Down but diesel car popularity hasn't tanked

Down but diesel car popularity hasn't tanked

KarolinaATAnalysis from Auto Trader has highlighted the impact that the recent negative press has had on diesel’s popularity in the used market.

With widespread negative publicity surrounding cheating in emissions tests by manufacturers, speculation of a diesel scrappage scheme and the Government’s intention to end the sale of all new conventional petrol and diesel cars and vans by 2040, the fuel is under threat.

In November 2016, 71% of car buyers selecting a fuel type when searching on Auto Trader chose diesel, compared to just 26% for petrol vehicles. As the first public announcement from the Government came in November on a potential diesel scrappage scheme, followed by months of negative press coverage on diesel cars, the share for diesel searches had dropped to 54% by May 2017. Petrol searches gained as a result, rising to 43% of all searches in the same month. Yet despite this, car buyers still search for diesel vehicles more than any other fuel type on Auto Trader.

From May 2017 diesel searches returned to growth, rising to 56% in June and petrol dropping to 41%. In spite of this, diesel is still a long way from recovering the dominant share of searches it held before November 2016. And following the announcement that the sale of all conventional petrol and diesel vehicles will be banned by 2040, there was a significant spike in alternatively fuelled cars searched for – on the day of the announcement there was a 680% increase in consumers searching for electric, 257% for petrol ethanol, 170% for hybrid and 129% for bi-fuel.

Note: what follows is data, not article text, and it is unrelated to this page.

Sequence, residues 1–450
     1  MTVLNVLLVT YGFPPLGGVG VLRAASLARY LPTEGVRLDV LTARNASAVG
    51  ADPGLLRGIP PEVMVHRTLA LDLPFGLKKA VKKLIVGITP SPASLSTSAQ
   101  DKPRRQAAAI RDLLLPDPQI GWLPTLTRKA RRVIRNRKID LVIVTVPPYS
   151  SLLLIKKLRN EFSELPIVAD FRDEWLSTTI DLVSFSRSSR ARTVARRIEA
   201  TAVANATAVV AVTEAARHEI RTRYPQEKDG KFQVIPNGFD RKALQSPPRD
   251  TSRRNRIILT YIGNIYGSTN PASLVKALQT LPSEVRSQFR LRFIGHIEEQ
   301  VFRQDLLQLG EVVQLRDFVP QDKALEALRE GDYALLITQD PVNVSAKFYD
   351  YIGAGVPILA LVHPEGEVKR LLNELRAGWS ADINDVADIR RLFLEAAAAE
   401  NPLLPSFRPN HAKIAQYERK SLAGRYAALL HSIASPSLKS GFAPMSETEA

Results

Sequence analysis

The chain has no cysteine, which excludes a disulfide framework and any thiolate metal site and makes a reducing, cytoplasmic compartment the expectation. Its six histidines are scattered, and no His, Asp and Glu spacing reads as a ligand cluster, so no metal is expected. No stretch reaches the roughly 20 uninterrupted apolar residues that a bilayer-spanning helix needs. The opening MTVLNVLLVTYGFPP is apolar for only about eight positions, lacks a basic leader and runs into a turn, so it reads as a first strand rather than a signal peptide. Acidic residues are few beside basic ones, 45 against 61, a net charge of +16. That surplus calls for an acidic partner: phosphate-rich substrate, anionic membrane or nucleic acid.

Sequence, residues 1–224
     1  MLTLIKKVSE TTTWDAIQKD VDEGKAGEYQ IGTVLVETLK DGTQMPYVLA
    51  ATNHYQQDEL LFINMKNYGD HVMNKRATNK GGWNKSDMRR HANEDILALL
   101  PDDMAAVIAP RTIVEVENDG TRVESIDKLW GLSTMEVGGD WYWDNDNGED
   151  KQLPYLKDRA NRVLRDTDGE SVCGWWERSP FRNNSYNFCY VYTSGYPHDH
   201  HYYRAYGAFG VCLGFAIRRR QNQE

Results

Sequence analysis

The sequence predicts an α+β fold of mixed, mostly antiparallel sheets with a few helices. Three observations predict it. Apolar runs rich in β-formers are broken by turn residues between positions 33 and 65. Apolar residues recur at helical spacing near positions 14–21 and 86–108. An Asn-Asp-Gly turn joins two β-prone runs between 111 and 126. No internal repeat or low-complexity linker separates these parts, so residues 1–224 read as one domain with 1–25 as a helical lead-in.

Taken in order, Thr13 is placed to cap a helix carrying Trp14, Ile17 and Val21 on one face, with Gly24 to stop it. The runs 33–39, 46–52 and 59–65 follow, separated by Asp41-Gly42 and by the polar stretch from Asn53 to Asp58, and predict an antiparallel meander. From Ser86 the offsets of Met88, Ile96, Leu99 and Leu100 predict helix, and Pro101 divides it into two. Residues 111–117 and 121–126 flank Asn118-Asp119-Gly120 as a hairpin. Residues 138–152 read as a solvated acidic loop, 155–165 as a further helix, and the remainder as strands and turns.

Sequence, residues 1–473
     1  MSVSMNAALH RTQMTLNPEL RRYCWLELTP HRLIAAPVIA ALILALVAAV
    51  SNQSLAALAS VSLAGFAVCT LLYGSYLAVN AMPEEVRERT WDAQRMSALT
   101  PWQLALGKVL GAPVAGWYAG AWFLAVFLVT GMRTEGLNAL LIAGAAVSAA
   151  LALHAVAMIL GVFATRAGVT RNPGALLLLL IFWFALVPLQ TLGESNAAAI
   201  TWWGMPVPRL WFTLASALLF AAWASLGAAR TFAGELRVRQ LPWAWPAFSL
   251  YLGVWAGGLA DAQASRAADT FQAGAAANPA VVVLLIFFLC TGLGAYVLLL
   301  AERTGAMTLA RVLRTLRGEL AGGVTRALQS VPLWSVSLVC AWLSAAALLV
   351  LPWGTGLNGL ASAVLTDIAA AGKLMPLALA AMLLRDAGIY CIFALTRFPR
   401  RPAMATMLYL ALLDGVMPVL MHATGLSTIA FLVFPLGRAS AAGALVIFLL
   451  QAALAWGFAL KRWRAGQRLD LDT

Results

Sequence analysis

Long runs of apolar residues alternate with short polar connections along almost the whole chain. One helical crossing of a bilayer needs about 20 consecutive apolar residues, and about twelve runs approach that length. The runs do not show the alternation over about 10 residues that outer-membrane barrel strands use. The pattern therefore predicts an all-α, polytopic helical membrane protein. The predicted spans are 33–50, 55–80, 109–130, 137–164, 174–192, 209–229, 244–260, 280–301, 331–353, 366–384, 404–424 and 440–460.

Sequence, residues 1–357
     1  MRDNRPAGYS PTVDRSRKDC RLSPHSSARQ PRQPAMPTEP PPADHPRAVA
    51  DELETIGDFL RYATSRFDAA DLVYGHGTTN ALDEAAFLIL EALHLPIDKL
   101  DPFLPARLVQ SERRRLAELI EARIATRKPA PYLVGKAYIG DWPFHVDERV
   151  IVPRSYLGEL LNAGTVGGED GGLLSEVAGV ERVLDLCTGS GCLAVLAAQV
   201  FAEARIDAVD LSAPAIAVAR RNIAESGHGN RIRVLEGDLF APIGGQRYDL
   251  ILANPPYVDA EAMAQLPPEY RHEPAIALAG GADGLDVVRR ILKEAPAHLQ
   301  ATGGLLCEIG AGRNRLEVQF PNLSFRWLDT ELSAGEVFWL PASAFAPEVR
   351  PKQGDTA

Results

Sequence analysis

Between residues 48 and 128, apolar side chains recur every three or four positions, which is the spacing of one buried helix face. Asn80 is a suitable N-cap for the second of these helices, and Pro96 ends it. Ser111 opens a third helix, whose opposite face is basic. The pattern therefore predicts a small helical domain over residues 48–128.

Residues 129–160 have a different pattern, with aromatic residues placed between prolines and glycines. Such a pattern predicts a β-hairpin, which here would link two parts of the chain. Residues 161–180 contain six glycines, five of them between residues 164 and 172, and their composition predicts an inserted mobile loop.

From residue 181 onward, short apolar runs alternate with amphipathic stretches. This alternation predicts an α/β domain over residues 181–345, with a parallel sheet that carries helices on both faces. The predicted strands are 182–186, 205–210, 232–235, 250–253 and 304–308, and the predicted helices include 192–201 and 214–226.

Karolina Edwards-Smajda, Auto Trader’s retailer and consumer product director, said: “Given the level of coverage it’s not surprising there has been a decline in searches, but despite the on-going negative rhetoric the impact on diesel has been fairly limited up to this point. The return to growth on our marketplace is testament to not only the resilience of diesel, but also its popularity amongst car buyers.”

Further analysis shows that while the used car market is experiencing an increase in average used car prices, diesel vehicles are showing slower increases. In July the average price of a used car was £11,780 - 4.5% higher than it was for the same month in 2016. This growth is the result of a younger used car market of better conditioned cars, fuelled by the continued growth of new car finance in recent years. Yet despite this average market increase, diesel is the only fuel type where month-on-month price increases are slowing. The average year-on-year price increase for diesel used cars was just 1% in July 2017, which was balanced by a year-on-year price increase of 7.7% for petrol vehicles.

Edwards-Smajda added: “While diesels remain a popular option for car buyers, it’s interesting to observe that at a time when the used car market is experiencing year on year growth, the ongoing negative commentary is having a slight impact on their retail value. Given the timing and the fact the slowdown is isolated only to diesel, a coincidence seems unlikely. Price is still increasing year on year, but growth is slowing, suggesting retailers are finding it harder to increase prices.”